Senate committee green light for Online Safety Act

The government’s Online Safety Bill has been given the green light by a Senate committee, paving the way for its debate in Parliament this week.

In the final report, the Opposition did however signal that it would move to amend the legislation in Parliament this week, while the Greens called for it to be redrafted entirely.

The Environment and Communications Legislation Committee tabled its report into the Online Safety Bill late on Friday afternoon.

Data sharing
Online Safety Bill: Senate report tabled in Parliament

The legislation hands new powers to the eSafety Commissioner, extending the takedown scheme to Australian adults, allowing for the issuing of removal notices for content deemed to be rated as R18+ and higher, and order the sites and apps to be blocked if they don’t comply.

While the committee received a number of submissions raising significant concerns with the impact of the new powers on the adult industry, the investment of huge powers with a single individual in the eSafety Commissioner, and the potential for the law to further undermine encryption, it recommended the bill be passed as is.

The committee’s only other recommendation was for the bill’s explanatory memorandum to be amended to clarify that the requirement for the basic online safety expectations code for tech companies to be in place within six months is “for best endeavours” with the eSafety Commissioner to have further discretion to work with industry to determine a timeframe.

In the report, the committee rejected the transparency and accountability concerns, and those worried about unintended consequences.

“The committee notes that there are extensive existing mechanisms for public and parliamentary scrutiny, as well as provision for statutory independent review of the options of the Online Safety Act, and administrative and judicial review of individual decisions made by the Commissioner,” the report said.

“Despite this, some committee members continue to share the particular concerns expressly identified by some submitters and witnesses regarding transparency and reporting in the exercise of the Commissioner’s powers.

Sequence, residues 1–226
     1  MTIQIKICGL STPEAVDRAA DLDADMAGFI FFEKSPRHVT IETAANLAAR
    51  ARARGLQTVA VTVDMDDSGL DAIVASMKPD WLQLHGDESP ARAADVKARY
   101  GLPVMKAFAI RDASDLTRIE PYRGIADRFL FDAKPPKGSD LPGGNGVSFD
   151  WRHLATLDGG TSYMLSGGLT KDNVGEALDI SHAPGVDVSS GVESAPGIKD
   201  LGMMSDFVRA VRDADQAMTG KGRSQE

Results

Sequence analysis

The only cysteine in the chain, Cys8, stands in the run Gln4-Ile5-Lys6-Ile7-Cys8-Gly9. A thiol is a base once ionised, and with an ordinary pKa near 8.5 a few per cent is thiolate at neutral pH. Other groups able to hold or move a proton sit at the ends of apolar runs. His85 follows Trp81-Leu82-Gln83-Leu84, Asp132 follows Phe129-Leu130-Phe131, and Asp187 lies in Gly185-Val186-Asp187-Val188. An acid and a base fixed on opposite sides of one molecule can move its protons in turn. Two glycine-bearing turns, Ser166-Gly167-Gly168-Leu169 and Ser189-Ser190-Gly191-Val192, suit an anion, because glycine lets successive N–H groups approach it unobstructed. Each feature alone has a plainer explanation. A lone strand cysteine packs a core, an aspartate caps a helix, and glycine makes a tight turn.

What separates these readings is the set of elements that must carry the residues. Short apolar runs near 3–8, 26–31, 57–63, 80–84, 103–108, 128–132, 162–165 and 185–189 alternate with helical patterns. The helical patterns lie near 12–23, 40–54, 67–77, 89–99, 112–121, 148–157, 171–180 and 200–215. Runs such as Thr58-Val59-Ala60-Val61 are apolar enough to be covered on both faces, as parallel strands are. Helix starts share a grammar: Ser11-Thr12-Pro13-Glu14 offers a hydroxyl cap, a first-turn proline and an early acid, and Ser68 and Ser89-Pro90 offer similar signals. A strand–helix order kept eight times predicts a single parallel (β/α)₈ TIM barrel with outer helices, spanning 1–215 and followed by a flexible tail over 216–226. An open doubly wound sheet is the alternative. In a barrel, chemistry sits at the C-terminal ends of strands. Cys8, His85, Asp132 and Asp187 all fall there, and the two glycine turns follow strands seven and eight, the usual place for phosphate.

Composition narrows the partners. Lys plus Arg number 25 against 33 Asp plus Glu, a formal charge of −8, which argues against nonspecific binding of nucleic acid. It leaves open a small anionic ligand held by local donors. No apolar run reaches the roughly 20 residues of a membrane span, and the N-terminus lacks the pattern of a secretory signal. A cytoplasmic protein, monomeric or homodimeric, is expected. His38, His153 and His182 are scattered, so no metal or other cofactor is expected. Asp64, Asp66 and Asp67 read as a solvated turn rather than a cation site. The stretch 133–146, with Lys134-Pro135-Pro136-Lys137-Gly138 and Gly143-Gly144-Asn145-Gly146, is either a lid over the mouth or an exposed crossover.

“The committee notes that the Commissioner’s view that the new scheme is intended to focus on online harm, which the committee considers is an appropriate approach and which would not capture the significant majority of adult content online.”

In additional comments to the report, participating Labor Senators Nita Green and Catryna Bilyk criticised the rushed process behind the government’s consultation around the legislation.

“The short timeframe at the end of this drawn-out process has undermined confidence in the government’s exposure draft consultation process, with a number of stakeholders concerned that submissions have not been considered properly,” the Labor senators said.

The Opposition called on the government to make further amendments to the legislation to clarify its scope and “strengthen due process, appeals, oversight and transparency requirements, given the important free speech and digital rights considerations it engages”.

“We are concerned that this bill represents a significant increase in the eSafety Commissioner’s discretion to remove material without commensurate requirements for due process, appeals or transparency over and above Senate estimates, annual reporting and AAT appeals,” the Labor senators said.

In additional comments, participating Greens senators slammed the bill, saying it creates “extraordinary power for a single unelected bureaucracy – with little to no oversight – to wield”, and that the rushed process has meant it hasn’t been considered by the Senate Standing Committee for the Scrutiny of Bills or the Parliamentary Joint Committee on Human Rights.

The new powers could also be “weaponised by people with moral or political agendas”, the Greens said.

The Greens called for the legislation to be withdrawn and redrafted to address these concerns, including the potential for the powers to be used against lawful online content, an inadequate right of appeal, inadequate transparency and accountability, the potential for the powers to be used to undermine encryption, and their detrimental impact on sex workers.

The Greens also called for a constitutionally or legislatively enshrined Charter of Rights, including privacy and digital rights matching the European Union’s General Data Protection Regulation.

The Online Safety Bill is now expected to be debated in Parliament this week.

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